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Why I Left the Left

This pretty much explains the bizarro world in which I now find myself living. I literally have a Conservative Party of Canada membership card in my wallet with my name on it, but I consider myself a liberal. It didn’t make much sense to me when I sent my $15 and joined, but I felt that the Conservatives best represented how I saw things.

This video explains it very well.

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The End of Social Media

Crazy prediction time: I think 2017 will mark the year that social media began a significant decline.

I’m seeing many blog posts and stories on the mainstream media about people checking out of Twitter, Facebook and other services. Millennials already don’t use them in a lot of cases and Generation X is getting a clue as to why. It’s a waste of time, energy and it’s terrible for your mental health.

My own experience with quitting recently has been positive. I don’t miss Twitter, and I never really cared for Facebook anyways. Instagram is still enjoyable, but that’s a carefully curated stream of photos of things I want to see and nothing else.

Imagine if Twitter declined to the point that it was no longer relevant. Would you miss it? I think the only thing I thought I was giving up was the ability to get news updates and real-time information about services I use like the TTC and some web services.

It turns out that most of that was noise. It seemed useful, but in reality it was a stream that contained far too much useless and unimportant information to be really useful. I thought I needed to know, but the truth is, I didn’t.

Here’s a challenge for you: go a week without using Twitter and/or Facebook. After seven days, honestly assess whether you’ve gained or lost from the experience.

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I’m Out

I think I’m done with social media.

I don’t check Facebook anymore. The app is gone from my phone and the bookmark is gone from my browser favourites. Every one of my “friends” has been unfollowed. In Facebook parlance, that we are still “friends”, but I don’t see any of their posts, likes, and other Facebook activity like article shares.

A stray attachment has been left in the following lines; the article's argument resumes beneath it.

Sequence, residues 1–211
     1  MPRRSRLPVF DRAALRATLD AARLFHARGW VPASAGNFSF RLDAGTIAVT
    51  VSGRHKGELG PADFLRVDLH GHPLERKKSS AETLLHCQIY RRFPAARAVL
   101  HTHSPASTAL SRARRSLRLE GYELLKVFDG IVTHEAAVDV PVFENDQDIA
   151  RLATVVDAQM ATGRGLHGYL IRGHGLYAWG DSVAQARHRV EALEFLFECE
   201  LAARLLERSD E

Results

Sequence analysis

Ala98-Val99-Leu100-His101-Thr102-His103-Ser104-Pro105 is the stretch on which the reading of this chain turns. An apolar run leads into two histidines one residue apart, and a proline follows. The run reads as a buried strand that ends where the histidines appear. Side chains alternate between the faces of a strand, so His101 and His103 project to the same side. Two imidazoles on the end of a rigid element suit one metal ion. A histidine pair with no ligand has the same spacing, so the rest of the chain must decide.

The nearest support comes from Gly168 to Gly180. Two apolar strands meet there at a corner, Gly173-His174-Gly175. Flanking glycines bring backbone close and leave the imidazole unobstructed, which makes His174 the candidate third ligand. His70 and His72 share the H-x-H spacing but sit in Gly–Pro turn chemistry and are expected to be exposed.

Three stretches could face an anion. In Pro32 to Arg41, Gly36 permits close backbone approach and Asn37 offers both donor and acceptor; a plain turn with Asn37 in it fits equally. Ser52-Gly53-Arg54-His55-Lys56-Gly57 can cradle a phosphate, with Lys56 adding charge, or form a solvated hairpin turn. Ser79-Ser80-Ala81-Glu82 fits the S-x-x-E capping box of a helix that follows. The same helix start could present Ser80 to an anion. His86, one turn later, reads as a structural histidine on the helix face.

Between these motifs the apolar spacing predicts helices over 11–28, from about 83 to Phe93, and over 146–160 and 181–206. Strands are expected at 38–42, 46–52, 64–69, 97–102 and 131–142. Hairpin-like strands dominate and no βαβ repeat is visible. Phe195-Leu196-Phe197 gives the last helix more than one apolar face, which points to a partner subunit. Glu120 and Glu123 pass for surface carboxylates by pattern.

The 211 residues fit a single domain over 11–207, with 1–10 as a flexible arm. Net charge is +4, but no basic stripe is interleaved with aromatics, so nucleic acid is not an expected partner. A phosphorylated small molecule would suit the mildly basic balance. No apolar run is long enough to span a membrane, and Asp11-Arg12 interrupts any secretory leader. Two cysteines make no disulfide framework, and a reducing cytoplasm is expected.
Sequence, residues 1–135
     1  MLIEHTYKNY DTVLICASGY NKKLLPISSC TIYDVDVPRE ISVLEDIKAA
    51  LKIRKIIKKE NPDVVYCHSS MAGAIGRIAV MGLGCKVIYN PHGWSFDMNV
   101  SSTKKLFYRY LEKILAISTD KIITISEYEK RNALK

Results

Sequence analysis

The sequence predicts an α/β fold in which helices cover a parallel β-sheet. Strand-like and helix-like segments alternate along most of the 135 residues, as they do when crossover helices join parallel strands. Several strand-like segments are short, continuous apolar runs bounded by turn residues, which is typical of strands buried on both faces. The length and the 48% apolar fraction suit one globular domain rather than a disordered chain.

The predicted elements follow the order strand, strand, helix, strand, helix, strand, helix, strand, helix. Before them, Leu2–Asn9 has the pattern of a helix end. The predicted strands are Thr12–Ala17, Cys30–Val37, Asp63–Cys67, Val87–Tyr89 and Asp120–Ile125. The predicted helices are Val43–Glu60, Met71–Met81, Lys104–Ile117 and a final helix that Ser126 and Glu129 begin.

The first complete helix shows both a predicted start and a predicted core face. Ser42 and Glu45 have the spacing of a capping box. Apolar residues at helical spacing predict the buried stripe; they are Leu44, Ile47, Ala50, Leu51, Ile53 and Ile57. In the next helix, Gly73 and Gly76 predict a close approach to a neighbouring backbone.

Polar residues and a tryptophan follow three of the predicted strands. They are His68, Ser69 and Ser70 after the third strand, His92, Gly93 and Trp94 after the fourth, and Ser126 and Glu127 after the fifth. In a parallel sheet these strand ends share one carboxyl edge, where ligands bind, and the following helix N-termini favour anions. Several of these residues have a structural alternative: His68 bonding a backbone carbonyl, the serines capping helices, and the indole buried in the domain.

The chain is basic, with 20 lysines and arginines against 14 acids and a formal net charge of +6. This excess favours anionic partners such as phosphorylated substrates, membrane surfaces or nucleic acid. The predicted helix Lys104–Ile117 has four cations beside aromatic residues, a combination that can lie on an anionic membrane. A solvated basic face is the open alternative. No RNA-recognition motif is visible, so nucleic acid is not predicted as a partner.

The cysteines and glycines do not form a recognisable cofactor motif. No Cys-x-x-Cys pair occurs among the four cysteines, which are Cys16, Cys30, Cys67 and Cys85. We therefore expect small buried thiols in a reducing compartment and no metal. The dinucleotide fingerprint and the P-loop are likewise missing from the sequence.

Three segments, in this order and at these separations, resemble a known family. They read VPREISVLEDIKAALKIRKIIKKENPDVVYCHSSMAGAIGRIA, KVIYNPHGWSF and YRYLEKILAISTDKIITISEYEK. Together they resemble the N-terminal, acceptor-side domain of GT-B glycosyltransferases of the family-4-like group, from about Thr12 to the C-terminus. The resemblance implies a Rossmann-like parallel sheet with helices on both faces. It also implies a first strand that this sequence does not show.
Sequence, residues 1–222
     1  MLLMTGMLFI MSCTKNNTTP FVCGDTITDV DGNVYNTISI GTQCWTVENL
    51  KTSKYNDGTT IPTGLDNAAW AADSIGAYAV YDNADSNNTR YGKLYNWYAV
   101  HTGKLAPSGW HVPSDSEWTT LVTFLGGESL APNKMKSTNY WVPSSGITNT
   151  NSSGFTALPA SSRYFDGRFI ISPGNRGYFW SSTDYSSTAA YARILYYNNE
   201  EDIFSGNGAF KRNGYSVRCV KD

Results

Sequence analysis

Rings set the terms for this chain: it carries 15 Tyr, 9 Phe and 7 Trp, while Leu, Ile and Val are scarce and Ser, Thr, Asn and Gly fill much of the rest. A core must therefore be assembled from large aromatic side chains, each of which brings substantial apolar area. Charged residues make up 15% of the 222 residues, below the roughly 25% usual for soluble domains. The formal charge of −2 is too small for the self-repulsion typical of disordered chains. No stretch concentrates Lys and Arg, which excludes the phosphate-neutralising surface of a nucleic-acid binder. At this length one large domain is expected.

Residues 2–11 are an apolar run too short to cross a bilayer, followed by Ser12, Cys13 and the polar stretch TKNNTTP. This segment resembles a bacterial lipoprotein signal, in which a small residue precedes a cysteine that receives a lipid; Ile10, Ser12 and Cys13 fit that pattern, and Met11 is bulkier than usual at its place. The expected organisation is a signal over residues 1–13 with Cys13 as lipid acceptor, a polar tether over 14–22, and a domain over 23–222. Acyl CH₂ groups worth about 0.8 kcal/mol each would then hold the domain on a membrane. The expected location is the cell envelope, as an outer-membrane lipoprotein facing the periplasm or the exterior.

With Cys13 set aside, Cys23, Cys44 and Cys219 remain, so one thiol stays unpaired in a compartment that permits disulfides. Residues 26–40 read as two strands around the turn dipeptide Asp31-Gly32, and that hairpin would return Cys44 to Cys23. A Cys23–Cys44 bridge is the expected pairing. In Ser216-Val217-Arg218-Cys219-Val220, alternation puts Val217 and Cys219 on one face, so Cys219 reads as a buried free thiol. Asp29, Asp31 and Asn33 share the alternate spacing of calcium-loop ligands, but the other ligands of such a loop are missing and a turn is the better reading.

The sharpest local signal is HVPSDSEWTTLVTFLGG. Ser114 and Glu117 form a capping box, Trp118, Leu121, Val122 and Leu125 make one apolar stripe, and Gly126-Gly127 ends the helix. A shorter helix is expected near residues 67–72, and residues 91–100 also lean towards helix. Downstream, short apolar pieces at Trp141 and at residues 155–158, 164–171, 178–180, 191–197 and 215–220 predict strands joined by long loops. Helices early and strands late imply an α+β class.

I held onto the Facebook Messenger app since some friends use that to contact me now and then. I’ll check a lone Facebook group now and then for the Sunday running routes.

On Twitter, I’ve unfollowed pretty much everyone. My timeline consists of TTC notices, and tweets from a few select people and services whose tweets I find interesting. If the TTC provided those notices some other way, I’d probably kick Tweetbot to the curb as well. I’ll see if I still check those updates. I think I probably won’t.

What I used to see on Facebook years ago is vacation photos, some updates on friends lives, a birthday, some pics of a dog or cat, maybe a Dailymile run or two. You know, actual stuff that I’m interested in hearing about so I can get a glimpse into the lives of people I care about.

What I get now is endless shared articles, mostly political, hurled into a vast echo chamber. For years I’ve been carefully pruning my Facebook feed through the “hide all from website” feature. Hide all from BuzzFeed. Hide all from Huffington Post. Hide all from OMG Facts. You get the idea.

It’s become too much. Despite my constant pruning, Facebook insists on showing me article after article about how the world is ending, and how society is breaking down around me.

Do I blame Facebook? No. Because that is literally all it has to show me. That’s all people post these days. See an article, share on Facebook. Comment. Like. Shake head. Rant and rave. #whatever.

Twitter is the same thing.

OMG, this is INSANE! Retweet some celebrity going on about some cause. Someone died. RIP. So sad. Some company gave me bad service. Call them out with “Hey @starbucks…” so everybody knows that Starbucks messed up my latte in some awful way. RT to try to win some contest.

I’ve been guilty of some of this over the years. It’s too easy to just type out 140 characters and send it out into the world without thinking whether a) it needed to be said, or b) anyone either read it, or cared.

I write a blog post, link to it on Twitter, see a few likes, and when I check analytics, it turns out that nobody actually read the post. What’s the point? There isn’t one.

No time to actually read or learn or investigate or come to your own conclusions. Read clickbait headline, retweet and like. Repeat.

The value of these social networks to me has been diminishing and a tipping was reached where I don’t think the value I get out of being a part of it is greater than the cost I’m paying in time and mental health. Ironically it was #BellLetsTalk that really pushed me over the edge and got me thinking about quitting.

I’ll keep my accounts for now, but don’t expect any posts on Facebook or Twitter from me. If you need to reach me, Twitter direct messages aren’t a good way anymore. I’ll be on Signal, iMessage or Facebook Messenger (if you must).